Do you know Zoi?

Do you know Zoi?

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Fahad Shah

An old man met a young man while walking on the Bund. Old man inquired about the time from him. As they walked a few steps, old man asked, “What is your name?”

“My name is Furkan- Furkan Shah.”

“Do you know Zoi?” asked Furkan, a 20-year-old student.

“No, what is it?” old man replied.

“Let’s sit somewhere for a while and I will tell you about the Zoi,” Furkan said with a smile.

They sat on the banks of Jehlum, at the Bund, near Lambert Lane. Old man with sunken eyes, wrinkled face, was confused. He was thinking what the Zoi is. He was lost in what the young man is going to say. Wearing a brown colour Tweed Pheran- a cloak, he sat with Furkan on the stairs which ends down at the water of the river. Furkan was wearing a black Polo jacket and had a backpack with him. He was stills holding that smile. An excitement was brewing on his face. After he had read a news story “Police Files Sedition Case against BOSE” in a newspaper, he was restless to share his thoughts with someone.

A cold evening. Sun was setting behind the foot bridge and then vanished at the roof tops of old houses in Goni Khan Market. Mist was mating the air. The people walking on the Bund have a tinge of red on their ears. Their nose tips too had the tinge.  Everyone walking on the Bund had their hands in their pockets. Some had their arms inside their Pherans. Just near the ruins of an old building near Lambert Lane, rag pickers were fanning a fire pot. It had burning charcoal in it.

The smoke from the pot passed through the stairs where Furkan and old man sat. As Furkan sat a few minutes after the old man spoke, “So tell me what the Zoi you were talking about is?”

“Yes, I will,” replied Furkan.

“Well, you might know it through its history. Children read about it in their books at primary level. It is an Urdu alphabet. We can name many things starting from it. It sounds as Zo-oeyy.”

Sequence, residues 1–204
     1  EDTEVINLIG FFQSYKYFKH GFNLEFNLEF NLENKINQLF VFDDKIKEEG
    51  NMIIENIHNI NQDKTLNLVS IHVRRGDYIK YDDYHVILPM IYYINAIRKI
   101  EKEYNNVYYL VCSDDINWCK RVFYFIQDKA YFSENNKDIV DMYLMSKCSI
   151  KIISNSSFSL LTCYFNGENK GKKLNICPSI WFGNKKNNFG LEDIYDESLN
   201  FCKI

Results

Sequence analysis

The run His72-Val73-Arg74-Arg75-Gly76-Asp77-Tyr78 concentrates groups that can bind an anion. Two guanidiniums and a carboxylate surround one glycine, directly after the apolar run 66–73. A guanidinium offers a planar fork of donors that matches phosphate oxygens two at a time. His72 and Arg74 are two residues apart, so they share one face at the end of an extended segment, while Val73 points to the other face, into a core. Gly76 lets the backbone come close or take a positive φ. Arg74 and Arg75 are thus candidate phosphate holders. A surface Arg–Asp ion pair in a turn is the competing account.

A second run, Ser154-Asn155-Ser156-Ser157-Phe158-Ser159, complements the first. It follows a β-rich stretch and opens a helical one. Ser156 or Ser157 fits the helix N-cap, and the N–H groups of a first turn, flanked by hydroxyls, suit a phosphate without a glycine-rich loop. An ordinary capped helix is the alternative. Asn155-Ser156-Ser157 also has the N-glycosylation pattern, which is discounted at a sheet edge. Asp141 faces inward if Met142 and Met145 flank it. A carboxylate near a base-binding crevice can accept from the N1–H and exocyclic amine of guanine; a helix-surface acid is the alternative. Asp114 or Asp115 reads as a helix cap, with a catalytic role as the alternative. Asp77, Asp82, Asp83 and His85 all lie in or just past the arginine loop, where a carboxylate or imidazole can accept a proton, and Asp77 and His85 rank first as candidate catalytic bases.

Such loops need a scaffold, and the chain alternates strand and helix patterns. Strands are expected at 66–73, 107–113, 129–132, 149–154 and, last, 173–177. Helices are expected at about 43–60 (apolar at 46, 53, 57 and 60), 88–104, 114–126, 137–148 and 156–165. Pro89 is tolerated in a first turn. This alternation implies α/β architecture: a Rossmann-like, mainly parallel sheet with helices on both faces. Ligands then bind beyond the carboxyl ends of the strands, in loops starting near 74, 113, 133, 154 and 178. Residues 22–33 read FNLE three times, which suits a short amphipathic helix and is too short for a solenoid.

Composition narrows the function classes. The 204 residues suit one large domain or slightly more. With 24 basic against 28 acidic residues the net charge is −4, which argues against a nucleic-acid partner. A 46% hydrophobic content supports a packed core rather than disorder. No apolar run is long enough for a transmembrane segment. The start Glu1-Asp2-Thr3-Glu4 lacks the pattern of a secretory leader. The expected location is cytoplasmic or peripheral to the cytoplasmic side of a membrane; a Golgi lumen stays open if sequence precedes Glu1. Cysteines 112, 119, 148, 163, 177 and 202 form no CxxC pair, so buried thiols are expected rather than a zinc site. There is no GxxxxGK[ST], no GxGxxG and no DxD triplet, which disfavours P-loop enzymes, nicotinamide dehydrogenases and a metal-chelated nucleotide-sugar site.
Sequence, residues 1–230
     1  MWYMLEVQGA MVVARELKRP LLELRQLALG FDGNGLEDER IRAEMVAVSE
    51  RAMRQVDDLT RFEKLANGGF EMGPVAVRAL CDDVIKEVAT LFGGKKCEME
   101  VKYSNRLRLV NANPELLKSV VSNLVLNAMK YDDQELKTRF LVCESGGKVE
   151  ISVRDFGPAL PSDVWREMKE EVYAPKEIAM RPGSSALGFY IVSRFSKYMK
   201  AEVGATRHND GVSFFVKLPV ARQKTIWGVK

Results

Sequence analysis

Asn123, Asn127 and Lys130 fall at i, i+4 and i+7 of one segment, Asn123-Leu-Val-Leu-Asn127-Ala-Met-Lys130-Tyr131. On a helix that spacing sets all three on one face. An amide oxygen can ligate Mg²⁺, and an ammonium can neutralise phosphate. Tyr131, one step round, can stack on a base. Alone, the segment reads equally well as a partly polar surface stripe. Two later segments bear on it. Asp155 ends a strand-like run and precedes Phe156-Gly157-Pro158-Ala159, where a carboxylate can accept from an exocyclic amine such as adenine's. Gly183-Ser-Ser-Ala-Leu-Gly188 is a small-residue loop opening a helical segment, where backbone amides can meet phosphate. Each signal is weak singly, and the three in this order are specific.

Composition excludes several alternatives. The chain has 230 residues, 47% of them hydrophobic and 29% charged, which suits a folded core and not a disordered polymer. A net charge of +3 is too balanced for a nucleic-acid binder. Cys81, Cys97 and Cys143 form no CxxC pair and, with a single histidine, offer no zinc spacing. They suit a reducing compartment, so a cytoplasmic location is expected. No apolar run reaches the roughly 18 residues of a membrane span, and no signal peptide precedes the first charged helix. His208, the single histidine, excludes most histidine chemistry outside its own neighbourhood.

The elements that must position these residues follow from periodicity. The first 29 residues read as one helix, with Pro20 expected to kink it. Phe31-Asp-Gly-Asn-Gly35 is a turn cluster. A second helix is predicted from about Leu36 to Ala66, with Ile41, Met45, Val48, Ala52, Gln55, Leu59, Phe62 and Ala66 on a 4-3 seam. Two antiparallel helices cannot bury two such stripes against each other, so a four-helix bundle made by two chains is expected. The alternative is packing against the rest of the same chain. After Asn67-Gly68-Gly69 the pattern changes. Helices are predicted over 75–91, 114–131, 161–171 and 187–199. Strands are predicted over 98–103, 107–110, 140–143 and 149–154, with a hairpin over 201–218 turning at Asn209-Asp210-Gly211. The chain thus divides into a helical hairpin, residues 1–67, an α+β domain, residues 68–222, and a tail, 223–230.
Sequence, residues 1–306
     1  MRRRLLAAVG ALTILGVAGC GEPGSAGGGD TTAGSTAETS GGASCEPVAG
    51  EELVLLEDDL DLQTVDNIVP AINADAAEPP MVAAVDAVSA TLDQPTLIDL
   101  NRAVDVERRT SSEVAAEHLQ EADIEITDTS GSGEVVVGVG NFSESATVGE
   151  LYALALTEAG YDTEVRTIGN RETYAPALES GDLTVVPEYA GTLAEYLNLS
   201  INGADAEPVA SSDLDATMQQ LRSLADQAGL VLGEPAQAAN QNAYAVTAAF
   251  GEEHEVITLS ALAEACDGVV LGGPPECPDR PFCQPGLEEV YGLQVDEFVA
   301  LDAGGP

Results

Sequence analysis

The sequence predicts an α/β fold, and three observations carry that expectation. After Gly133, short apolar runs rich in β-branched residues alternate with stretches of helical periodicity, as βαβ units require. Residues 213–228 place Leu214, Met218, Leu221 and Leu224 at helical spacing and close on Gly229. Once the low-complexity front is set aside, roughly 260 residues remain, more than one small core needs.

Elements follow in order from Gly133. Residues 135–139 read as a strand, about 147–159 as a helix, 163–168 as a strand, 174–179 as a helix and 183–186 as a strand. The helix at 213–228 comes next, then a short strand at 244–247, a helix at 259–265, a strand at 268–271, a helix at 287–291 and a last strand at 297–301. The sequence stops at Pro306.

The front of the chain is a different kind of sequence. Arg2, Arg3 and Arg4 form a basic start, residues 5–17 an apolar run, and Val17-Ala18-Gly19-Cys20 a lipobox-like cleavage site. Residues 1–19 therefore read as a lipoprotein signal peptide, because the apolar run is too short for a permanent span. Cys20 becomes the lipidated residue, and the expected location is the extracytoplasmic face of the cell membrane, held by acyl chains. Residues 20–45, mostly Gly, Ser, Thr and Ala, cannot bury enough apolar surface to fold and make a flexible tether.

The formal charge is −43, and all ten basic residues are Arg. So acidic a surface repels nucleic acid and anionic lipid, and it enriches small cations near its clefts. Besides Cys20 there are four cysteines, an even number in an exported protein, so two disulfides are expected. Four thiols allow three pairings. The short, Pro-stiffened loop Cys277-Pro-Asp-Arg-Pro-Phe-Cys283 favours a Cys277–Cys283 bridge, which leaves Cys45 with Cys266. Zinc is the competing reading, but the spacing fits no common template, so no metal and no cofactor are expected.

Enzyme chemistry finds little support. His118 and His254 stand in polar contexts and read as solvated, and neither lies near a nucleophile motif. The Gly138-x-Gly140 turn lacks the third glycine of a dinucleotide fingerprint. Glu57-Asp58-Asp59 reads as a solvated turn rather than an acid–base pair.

“So what, I know all this. I have gone to primary school too. I have read it when I was child. We used to learn it by heart like Zoi se Zuroof,” Old man interrupted.

No. No. Listen to me! Your primary has changed. In those days, it had no side-effects. Now learning it by heart has consequences. You know we are living in Kashmir, the beautiful valley which has been heaven on earth. I am sure you know that too. You might know better than me as you have lived more than me. But the person for whom you used to sing, Alli Karri Wagan Karri Bab Karri Lolo, left many Brinjals and Gourds, here in Kashmir, before he left to rest on the banks of Dal Lake under the shade of Chinars. It has been decades that we have been eating those vegetables. They always taste bitter. They have given names to those vegetables like PSA, DAA, AFSPA, and much more. The latest one is sedition. I am sure they used lot of manure to grow this vegetable. It seems costly. But you know India is a developing country. They can import vegetables from anywhere. They can buy anything!

“Yes I know, I listened to BBC last night,” old man added.

Yes you are right. Most of these vegetables are grown in India and then send to Kashmir. Many people who asked for their rights were forced to eat these vegetables. And they fell sick. Some are recovering and some couldn’t survive. Some are still lying under soil at different places. They make tulip gardens over that mixture of bones and soil. Some of them even live in those symbols of memory.  You see we are getting developed. Isn’t it development that we make luxurious mansions over cemeteries?

Anyways, let me come back to the Zoi. Yes I was talking about Zoi. This Zoi has changed. During your days in primary school, Zoi would have been in books like Zoi se Zuroof, as you said. The change is that Zaalim replaced the Zuroof. You know why that happened?

You learned Zoi se Zuroof by heart. We holding those Zuroof’s but they filled them with vegetables. People had tongues to talk but now they can’t talk. Nobody is allowed to talk. They fill our mouths with vegetables. I am not scared that I am talking to you. I am in a process of overthrowing roots of these vegetable plants. Every day they are given those bitter vegetables by Zaalim. Now it has become Zoi se Zaalim by heart. So remember it is Zoi se Zaalim!


Zuroof is an Urdu word which means utensils. Alli Karri Wagan Karri Bab Karri Lolo: “This or that, Father will do.”

Note: The piece is a work of fiction. Author can be found at @FahadShah_


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  • artob2

    excellent story, particularly the zooei